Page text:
Disclaimer: The below is not a mutually exclusive list on mental health. Symptoms, disorders, and situations require verification from a local health provider as found on the Services page.
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Anxiety is a normal human emotion and a common part of life. However, when the feeling of anxiety persists it may cause fears, worries, and sleep disturbances which interfere with daily life (i.e. family, school, work).
Mood disorders refer to an individual exhibiting an emotional state or mood that does not match the situation or environment; it is characterized by extreme emotional changes that interfere with a person’s ability to function. They may include large changes in an emotional state and life-threatening suicidal thoughts or self-harm.
Eating Disorders are disorders that involve abnormal eating habits. They also include severe stress and unhealthy relationships with body image, body weight, and food intake.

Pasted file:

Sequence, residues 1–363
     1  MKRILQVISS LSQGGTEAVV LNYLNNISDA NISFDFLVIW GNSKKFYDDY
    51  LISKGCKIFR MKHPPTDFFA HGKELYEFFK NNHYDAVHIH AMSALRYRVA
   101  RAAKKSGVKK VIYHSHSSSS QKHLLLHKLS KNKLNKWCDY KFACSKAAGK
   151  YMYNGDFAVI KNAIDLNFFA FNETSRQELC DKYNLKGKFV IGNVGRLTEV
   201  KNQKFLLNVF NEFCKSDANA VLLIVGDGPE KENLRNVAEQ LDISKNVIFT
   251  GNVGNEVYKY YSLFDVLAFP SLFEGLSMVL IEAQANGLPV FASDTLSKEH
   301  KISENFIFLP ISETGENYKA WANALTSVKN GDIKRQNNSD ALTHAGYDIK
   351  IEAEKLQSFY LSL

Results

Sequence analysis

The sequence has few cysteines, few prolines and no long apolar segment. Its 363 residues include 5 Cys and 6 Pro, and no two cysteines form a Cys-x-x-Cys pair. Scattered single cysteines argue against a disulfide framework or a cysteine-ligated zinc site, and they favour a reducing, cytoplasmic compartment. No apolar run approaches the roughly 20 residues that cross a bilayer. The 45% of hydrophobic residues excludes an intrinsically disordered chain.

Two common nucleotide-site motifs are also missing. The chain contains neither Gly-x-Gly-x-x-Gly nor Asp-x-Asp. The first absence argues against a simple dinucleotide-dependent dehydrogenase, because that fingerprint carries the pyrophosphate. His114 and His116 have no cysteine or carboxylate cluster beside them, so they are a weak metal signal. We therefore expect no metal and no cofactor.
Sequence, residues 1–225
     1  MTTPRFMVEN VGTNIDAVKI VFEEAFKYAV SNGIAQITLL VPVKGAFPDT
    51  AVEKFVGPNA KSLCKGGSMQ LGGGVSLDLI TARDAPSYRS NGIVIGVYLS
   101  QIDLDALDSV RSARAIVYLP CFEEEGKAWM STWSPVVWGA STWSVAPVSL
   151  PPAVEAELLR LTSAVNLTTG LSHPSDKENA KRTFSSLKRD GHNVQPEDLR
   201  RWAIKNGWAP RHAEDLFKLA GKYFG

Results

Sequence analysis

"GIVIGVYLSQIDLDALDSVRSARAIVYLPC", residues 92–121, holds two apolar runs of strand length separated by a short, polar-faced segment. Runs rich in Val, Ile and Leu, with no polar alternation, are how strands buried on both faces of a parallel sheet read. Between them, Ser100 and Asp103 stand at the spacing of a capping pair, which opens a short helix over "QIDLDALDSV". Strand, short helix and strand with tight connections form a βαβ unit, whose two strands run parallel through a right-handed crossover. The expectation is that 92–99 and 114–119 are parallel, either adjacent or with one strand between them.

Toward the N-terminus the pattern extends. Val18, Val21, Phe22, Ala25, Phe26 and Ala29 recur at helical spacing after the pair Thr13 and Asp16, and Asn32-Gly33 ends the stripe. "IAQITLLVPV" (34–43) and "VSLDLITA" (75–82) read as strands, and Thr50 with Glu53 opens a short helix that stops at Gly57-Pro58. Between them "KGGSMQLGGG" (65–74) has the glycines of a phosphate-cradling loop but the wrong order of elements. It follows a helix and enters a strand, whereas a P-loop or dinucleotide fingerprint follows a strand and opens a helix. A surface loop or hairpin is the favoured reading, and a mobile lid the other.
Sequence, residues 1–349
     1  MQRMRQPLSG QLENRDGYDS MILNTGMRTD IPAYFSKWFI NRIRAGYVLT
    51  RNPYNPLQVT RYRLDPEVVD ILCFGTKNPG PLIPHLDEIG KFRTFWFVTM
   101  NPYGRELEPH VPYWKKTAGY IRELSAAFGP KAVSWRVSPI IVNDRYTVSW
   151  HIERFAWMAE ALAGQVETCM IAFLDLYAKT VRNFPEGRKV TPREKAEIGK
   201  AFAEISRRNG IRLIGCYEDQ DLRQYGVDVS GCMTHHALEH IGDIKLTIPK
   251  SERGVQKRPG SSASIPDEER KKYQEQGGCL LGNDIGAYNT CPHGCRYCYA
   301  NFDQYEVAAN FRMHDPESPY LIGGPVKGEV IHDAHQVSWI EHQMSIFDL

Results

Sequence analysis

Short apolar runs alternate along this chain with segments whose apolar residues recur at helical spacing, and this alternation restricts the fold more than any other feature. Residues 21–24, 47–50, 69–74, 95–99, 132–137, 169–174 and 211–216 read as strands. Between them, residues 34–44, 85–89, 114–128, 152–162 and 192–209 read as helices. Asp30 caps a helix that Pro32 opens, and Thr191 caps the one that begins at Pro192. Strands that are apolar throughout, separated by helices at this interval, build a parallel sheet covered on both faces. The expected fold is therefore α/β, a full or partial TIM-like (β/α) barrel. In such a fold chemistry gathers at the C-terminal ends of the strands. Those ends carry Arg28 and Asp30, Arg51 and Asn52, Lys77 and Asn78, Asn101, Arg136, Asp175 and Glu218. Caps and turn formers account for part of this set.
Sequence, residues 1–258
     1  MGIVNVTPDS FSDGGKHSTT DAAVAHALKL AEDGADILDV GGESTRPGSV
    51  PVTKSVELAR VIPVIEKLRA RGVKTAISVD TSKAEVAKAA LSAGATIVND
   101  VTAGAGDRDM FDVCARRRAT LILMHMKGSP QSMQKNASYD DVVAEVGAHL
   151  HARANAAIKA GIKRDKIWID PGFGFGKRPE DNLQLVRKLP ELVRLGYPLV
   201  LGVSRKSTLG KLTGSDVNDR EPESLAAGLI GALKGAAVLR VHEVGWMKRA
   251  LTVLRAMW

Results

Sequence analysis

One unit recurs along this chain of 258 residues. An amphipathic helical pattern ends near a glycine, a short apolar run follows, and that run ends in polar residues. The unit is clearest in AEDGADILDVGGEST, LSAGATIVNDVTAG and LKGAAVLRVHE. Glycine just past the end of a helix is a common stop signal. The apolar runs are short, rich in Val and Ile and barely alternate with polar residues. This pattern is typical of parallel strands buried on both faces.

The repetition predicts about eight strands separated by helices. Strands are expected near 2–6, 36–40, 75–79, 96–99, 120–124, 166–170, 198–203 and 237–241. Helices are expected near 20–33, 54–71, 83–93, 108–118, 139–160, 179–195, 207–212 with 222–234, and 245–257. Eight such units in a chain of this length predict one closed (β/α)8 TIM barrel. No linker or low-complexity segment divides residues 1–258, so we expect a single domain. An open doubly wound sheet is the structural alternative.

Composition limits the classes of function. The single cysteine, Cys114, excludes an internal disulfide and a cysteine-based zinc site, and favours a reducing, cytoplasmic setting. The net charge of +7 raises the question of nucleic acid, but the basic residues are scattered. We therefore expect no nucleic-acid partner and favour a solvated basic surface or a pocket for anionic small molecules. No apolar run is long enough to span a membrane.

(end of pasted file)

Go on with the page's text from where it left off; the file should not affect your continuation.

The individual with the disorder has a rigid and unhealthy pattern of thinking, functioning, and behaving. Personality disorders prevent the individual from properly relating to others and their environment. As a result, children may struggle with family relationships, social activities, and school.
Psychotic disorders are serious disorders that impair thinking, judgment, communication, emotions, and behavior. They can prevent individuals from understanding reality and behaving appropriately. They may include hallucinations and delusions.
Trauma disorders include emotional and behavioral issues that result from painful/stressful experiences. They have varying effects and may be due to abuse.
Related to Trauma disorders, abuse is an important factor to consider in a child’s mental health. Abuse may take many forms. Based on previous studies, any child who mentions abuse is likely telling the truth and action must be taken immediately.
Developmental disorders are often detected in school settings. However, there are several with early onsets that might first be detected by family members. The disorders may affect interactions, learning, and motor skills.
Finding treatment options for a child can also be difficult for the parents. Family supports are crucial during the process of supporting a child/loved one with mental illness. A family member who seeks their emotional support will often be better at helping their child. There are multiple groups available to help parents reflect on their journey in best helping their child. They can be found on the Services page.
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